Now I was haunted by endings. Returning to Brunswick the previous night on the train out of Boston, I experienced a new pressure. As I sat over a beer in the stifling clubcar, platforms of deserted railroad stations stacked with wet newspapers flying past me in the newly fallen snow, I imagined myself away from it all and wanting it back before I'd even lost it. I felt the loss even more acutely as I trudged through the snow from the station up to my cold room.
"Where will I go?" I asked myself in the purple dark of the mercury vapor lamps. "Who will I be?"
I knew the answer to the first question; I suspected that the answer to the second depended upon what happened to me at my next destination.
"Come by tonight and listen to some Bartok." Mendel leaned over the table as he pulled his sweater back on. "I've found the most extraordinary recordings of the first four quartets!"
Mueller bummed a Lucky off St. Pierre and slipped out. I lingered, sensing that Henri wanted to talk some more.
"Your folks will get over it," I said.
"Jason, it was hell. Only you could know that. My father will probably never speak to me again. All he's talked about for four years at the fire station is me going to medical school like my uncle did, a poor French Canadian boy making good. Now I've dashed his dreams. How can he tell those guys his son wants to be an actor in New York City?"
"Listen, if we've learned anything at all from Frank it's that we're free to choose, condemned to, even."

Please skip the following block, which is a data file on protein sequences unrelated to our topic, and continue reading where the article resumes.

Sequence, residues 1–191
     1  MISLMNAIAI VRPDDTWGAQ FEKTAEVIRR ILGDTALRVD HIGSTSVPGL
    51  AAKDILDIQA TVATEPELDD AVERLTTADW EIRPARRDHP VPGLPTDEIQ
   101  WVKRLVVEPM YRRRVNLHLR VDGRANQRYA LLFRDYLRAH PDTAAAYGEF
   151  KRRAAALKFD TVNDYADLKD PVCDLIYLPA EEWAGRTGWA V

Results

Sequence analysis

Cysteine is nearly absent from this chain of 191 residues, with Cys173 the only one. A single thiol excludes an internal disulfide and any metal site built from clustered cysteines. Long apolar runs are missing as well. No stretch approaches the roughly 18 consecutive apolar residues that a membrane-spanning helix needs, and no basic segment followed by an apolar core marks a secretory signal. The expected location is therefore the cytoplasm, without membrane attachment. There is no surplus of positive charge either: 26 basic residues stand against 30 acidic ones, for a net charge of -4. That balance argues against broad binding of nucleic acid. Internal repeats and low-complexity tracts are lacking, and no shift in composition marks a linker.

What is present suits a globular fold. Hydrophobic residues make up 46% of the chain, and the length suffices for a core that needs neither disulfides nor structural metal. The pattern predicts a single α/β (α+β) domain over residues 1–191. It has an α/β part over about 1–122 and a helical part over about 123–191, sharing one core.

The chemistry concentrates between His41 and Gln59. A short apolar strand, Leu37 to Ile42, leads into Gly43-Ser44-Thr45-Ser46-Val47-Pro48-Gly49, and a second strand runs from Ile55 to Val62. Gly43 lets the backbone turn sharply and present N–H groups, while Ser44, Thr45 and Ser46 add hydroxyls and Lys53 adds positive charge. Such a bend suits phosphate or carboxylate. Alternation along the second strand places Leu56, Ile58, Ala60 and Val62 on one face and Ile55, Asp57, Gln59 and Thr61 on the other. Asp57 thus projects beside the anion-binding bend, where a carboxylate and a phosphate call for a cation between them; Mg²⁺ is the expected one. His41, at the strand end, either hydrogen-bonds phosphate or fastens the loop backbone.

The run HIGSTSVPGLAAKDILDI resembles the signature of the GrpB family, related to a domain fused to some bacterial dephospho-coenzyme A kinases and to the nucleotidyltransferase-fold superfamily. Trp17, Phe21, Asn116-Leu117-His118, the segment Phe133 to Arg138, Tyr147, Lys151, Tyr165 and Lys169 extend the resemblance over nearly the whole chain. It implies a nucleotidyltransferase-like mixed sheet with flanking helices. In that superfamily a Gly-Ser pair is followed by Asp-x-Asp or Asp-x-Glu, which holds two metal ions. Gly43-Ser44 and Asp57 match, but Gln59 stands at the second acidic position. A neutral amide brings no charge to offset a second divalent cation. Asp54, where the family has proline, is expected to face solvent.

St. Pierre only shook his head.
"They probably won't come to see me graduate."
"They'll be here," I said. "Wait and see."
St. Pierre grabbed my sleeve as I got up to leave.
"Tell me the truth, Jason. Do you think I'm effeminate?"
"Don't be silly!"
"No, really, tell me because something happened to me just before we left for Christmas break. It was right after we did Streetcar and I was walking back to the house one Sunday morning with the Times under my arm. As I passed Winthrop Hall someone yelled, 'Faggot!' out the window. I knew it was intended for me because the campus was deserted. I stood there and I shouted back, 'Show your face, you fucking asshole!' But no one did, and I felt like an idiot standing there all by myself."
"Henri, forget about it. You and I are misfits."
"But I played football! What more do they want?"
"Abject conformity," I said.
"It's driving me crazy, Jason. I don't know if I can hang on until June."
"Six months, a year from now, this will all seem like a bad dream. You'll be in New York, I'll be in Europe."
I wanted to put my arm around St. Pierre as we both gathered up our books. I felt an enormous kinship with him, a closeness born of nearly four years of friendship. Instead, we walked back to the campus in uneasy silence, the snow lying all around us in frozen drifts.